Inside your package.json, the description property would look like this:

"description": "The Metaverse virtual reality. The final outcome of all virtual worlds, augmented reality, and the Internet." 

The keywords property

The keywords property inside a package.json file is, as you may have guessed, a collection of keywords that describe a module. Keywords can help identify a package, related modules and software, and concepts.

The keywords property is always an array, with one or more strings as the array's values; each one of these strings will, in turn, be one of the project's keywords.

Inside your package.json, the keywords array would look something like this:

"keywords": [
   "virtual reality",
   "augmented reality",
   "snow crash"

Functional Metadata Inside package.json

The main property

The main property of a package.json is a direction to the entry point to the module that the package.json is describing. In a Node.js application, when the module is called via a require statement, the module's exports from the file named in the main property will be returned to the Node.js application.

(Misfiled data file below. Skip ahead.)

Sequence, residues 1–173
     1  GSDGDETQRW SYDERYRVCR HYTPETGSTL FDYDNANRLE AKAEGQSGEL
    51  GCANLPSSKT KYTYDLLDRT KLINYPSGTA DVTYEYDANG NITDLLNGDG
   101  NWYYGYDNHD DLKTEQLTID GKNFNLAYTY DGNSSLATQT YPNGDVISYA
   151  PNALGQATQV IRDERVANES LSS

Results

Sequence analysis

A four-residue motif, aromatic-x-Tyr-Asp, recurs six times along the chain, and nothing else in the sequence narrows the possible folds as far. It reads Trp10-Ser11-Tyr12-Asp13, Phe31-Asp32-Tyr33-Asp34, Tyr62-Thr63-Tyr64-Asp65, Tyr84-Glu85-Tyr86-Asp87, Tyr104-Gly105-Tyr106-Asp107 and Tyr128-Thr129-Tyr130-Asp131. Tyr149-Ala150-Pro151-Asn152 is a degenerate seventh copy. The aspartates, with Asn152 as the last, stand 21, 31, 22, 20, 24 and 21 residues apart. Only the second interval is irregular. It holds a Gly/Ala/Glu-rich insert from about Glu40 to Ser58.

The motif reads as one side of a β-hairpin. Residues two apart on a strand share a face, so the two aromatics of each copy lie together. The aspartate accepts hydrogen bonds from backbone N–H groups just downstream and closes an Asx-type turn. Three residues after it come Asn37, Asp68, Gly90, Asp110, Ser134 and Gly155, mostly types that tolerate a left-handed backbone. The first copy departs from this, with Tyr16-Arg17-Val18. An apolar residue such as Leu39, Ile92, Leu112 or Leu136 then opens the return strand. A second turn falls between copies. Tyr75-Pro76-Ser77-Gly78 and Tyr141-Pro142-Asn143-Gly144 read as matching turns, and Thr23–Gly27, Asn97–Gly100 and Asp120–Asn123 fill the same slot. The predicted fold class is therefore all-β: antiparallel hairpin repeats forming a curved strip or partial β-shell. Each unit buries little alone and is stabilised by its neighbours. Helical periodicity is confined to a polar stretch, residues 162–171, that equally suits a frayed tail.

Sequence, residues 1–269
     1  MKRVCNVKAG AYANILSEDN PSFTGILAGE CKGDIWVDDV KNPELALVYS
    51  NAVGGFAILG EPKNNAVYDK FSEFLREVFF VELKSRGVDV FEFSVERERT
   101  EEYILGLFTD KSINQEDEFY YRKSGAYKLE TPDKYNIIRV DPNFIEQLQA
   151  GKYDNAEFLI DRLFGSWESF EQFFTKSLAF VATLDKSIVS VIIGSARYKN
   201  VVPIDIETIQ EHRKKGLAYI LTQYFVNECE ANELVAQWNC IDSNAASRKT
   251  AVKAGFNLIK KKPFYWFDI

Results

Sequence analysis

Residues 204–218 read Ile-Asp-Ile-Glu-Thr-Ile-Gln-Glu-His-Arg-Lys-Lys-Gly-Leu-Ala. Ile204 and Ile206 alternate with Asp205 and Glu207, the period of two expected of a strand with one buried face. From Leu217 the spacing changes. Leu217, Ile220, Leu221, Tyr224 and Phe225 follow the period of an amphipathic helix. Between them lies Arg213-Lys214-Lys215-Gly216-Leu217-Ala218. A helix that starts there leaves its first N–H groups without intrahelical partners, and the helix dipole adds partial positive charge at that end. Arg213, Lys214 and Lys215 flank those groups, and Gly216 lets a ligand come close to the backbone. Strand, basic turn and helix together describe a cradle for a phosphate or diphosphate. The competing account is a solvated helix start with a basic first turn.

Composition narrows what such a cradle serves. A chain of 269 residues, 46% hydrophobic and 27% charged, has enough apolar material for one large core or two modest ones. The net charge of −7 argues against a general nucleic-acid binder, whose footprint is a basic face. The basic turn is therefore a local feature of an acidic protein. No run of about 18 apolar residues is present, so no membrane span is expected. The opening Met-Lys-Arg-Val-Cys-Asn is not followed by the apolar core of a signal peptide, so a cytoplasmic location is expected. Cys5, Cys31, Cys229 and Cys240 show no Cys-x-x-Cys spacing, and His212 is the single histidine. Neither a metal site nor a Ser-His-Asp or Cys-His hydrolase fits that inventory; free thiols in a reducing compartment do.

Inside your package.json, the main property, with an entry point of app.js, would look like this:

"main": "app.js" 

The repository property

The repository property of a package.json is an array that defines where the source code for the module lives. Typically, this would be a public GitHub repo for open source projects, with the repository array noting that the type of version control is git and the URL of the repo itself. One thing to note about this is that it's not just a URL where the repo can be accessed from, but the full URL the version control can be accessed from.

Inside your package.json, the repository property would look like this:

"repository": { 
  "type": "git", 
  "url": "" 

The scripts property

The scripts property of a package.json file is simple conceptually but complex functionally, to the point that it's used as a build tool by many.

At its simplest, the scripts property contains a set of entries; the key for each entry is a script name, and the corresponding value is a user-defined command to be executed. Scripts are frequently used to test, build, and streamline the needed commands to work with a module.